Uses

Toxic parts

None but may be mistaken for other toxic plants.

Edible uses

Notes

is called cous (sounds like "cows" with a softer 's' sound) or cous cous by the Nez Perce in Idaho and Washington. It is also known as "biscuit root". It was one of the most basic and prized food items in the tribe's diet and was widely traded with other Northwestern US tribes. The Nez Perce would camp every year near the cous fields until they had their yearly supply. Cakes were made of the dried meal for long journeys. Often the roots were baked in underground pits and eaten like potatoes, but the primary use was for coarse flour or meal.

The name "biscuit root" is descriptive: the root was the prime use of the plant, though the seeds could be used. It created a flour that was virtually tasteless, much like white wheat flour. Eaten also like potatoes, they had little taste by themselves. While other roots were available, the cous roots are large in comparison to most others and numerous locally. Many of the plants are in very rocky, dry soil which often makes it difficult to dig for them, however.

The cous spreads easily in poor and dry soil where few other plants will grow, so it often presents a striking field of yellow in spring.

Root

pounded and dried for flour, roasted, boiled as potatoes as a flour

Seed

Material uses

There are no material uses listed for Lomatium cous.

Medicinal uses(Warning!)

There are no medicinal uses listed for Lomatium cous.

Ecology

Ecosystem niche/layer

Ecological Functions

Nothing listed.

Forage

Nothing listed.

Shelter

Nothing listed.

Propagation

Seed - best sown as soon as it is ripe in a cold frame. Stored seed can be rather slow to germinate, when sown in the spring it usually takes at least 12 months to germinate. Giving it a period of cold stratification might reduce this time. The seedlings need to be pricked out into individual pots as soon as they are large enough to handle, and should be planted out into their permanent positions in the summer.

Fresh seed can be sown immediately in situ.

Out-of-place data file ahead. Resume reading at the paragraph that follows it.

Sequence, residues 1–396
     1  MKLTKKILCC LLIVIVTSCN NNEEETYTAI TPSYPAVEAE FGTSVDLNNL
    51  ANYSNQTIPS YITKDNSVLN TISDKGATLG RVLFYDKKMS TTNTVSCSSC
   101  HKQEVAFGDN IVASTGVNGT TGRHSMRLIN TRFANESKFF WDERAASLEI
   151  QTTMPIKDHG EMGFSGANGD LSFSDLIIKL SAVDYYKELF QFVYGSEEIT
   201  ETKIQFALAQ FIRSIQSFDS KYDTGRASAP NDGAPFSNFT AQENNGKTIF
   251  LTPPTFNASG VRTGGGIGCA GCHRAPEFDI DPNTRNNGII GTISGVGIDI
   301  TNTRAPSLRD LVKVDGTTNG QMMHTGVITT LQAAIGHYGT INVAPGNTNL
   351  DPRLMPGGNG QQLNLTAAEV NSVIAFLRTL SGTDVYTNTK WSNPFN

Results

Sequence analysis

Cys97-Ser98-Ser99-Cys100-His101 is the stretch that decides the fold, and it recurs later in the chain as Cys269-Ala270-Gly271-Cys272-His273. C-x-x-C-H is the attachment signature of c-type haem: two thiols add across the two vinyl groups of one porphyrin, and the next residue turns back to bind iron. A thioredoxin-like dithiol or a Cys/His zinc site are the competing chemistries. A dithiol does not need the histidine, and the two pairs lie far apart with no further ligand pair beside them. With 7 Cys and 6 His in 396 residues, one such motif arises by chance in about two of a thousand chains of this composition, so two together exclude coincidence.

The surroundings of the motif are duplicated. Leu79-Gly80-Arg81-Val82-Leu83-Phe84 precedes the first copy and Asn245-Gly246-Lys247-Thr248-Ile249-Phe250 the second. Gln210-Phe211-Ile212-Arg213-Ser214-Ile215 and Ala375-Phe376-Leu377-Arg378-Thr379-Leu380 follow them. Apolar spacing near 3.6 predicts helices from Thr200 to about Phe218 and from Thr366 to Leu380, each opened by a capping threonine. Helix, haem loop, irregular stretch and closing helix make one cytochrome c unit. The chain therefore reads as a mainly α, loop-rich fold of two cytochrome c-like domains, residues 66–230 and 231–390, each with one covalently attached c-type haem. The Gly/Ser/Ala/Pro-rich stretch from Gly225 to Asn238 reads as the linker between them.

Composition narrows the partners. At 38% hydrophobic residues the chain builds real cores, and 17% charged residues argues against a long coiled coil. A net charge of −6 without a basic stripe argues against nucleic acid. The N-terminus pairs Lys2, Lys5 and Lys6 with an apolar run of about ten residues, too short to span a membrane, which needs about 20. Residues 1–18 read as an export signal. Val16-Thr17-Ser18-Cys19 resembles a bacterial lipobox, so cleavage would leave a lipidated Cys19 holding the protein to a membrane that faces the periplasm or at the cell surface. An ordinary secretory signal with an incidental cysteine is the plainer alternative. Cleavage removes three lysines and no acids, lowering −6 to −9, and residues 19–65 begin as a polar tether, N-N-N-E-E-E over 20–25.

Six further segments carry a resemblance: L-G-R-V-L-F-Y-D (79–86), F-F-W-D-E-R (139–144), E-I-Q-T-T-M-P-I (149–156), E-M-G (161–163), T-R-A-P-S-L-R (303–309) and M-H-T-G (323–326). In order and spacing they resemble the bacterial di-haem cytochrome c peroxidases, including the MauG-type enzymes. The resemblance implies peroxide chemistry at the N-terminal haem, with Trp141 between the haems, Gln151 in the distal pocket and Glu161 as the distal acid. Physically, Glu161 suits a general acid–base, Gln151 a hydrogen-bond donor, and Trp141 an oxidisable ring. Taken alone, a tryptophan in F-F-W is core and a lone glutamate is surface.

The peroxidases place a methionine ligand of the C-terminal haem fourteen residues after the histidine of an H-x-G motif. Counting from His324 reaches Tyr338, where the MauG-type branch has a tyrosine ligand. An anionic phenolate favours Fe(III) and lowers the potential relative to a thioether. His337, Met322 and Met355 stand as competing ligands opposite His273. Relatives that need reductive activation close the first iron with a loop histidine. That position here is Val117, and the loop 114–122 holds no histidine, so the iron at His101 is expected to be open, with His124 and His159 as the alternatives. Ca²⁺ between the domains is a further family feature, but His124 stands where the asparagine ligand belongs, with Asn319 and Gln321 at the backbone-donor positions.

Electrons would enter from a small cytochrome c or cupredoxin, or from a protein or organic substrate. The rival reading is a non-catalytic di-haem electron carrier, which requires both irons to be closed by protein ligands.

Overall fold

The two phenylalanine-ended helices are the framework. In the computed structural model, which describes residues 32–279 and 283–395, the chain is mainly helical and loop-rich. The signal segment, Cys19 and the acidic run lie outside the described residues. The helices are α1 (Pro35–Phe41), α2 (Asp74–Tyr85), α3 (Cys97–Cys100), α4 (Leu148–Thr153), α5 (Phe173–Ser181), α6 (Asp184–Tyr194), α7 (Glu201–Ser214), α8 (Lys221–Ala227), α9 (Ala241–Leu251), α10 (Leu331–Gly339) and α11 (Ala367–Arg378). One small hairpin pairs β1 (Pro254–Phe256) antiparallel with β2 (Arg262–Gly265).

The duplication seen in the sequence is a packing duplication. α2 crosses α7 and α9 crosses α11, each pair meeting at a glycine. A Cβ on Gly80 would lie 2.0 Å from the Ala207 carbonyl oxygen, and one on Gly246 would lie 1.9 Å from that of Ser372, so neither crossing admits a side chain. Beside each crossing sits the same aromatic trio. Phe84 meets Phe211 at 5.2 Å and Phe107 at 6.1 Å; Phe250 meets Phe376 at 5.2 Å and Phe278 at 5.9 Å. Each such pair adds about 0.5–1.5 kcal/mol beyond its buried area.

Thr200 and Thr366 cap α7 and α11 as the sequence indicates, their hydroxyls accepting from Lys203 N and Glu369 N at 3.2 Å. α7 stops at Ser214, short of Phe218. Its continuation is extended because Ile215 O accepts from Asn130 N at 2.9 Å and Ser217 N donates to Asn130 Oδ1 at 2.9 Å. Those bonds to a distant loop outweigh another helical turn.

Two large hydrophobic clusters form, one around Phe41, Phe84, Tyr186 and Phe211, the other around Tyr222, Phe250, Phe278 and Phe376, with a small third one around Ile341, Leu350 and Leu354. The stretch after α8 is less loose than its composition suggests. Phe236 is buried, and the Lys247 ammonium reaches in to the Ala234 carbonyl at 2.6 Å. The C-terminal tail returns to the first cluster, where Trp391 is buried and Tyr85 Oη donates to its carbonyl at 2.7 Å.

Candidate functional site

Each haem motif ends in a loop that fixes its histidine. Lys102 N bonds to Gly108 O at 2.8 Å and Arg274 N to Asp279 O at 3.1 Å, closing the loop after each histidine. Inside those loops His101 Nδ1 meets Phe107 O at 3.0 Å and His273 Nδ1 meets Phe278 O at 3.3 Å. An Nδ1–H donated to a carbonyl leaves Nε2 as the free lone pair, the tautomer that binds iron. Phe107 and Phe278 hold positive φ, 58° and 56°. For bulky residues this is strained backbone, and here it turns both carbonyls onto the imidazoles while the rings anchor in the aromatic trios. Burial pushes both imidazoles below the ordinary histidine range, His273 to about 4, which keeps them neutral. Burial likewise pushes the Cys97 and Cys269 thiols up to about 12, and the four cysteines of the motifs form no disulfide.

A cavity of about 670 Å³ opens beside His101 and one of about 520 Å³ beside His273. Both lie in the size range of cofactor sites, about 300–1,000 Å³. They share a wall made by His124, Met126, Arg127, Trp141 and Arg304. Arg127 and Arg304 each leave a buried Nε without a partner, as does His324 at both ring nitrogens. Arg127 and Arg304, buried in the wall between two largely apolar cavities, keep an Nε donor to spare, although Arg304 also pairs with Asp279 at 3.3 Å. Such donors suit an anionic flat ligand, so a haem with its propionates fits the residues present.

Division may be possible in spring or autumn.

Practical Plants is currently lacking information on propagation instructions of Lomatium cous. Help us fill in the blanks! Edit this page to add your knowledge.



Cultivation

We have almost no information on this species and do not know if it will be hardy in Britain, though judging by its native range it should succeed outdoors in much of the country.

It can be assumed that plants will require a dry to moist but well-drained soil in a sunny position. Polymorphic[1].

This is a taxonomically very difficult genus, many of the species now included in it have at times been included in other genera[1].

Crops

Problems, pests & diseases

Associations & Interactions

There are no interactions listed for Lomatium cous. Do you know of an interaction that should be listed here? edit this page to add it.

Polycultures & Guilds

There are no polycultures listed which include Lomatium cous.

Descendants

Cultivars

Varieties

None listed.

Subspecies

None listed.

Full Data

This table shows all the data stored for this plant.

Taxonomy
Binomial name
Lomatium cous
Genus
Lomatium
Family
Umbelliferae
Imported References
Edible uses
Medicinal uses
Material uses & Functions
Botanic
Propagation
Cultivation
Environment
Cultivation
Uses
Edible uses
  • Seed (grain)
  • Root (flour)
Material uses
None listed.
Medicinal uses
None listed.
Functions & Nature
Functions
Provides forage for
Provides shelter for
Environment
Hardiness Zone
?
Heat Zone
?
Water
moderate
Sun
full sun
Shade
no shade
Soil PH
Soil Texture
Soil Water Retention
Environmental Tolerances
  • Drought
Ecosystems
Native Climate Zones
None listed.
Adapted Climate Zones
None listed.
Native Geographical Range
None listed.
Native Environment
None listed.
Ecosystem Niche
None listed.
Root Zone Tendancy
None listed.
Life
Deciduous or Evergreen
?
Herbaceous or Woody
?
Life Cycle
Growth Rate
?
Mature Size
?
Fertility
Pollinators
?
Flower Colour
?
Flower Type
















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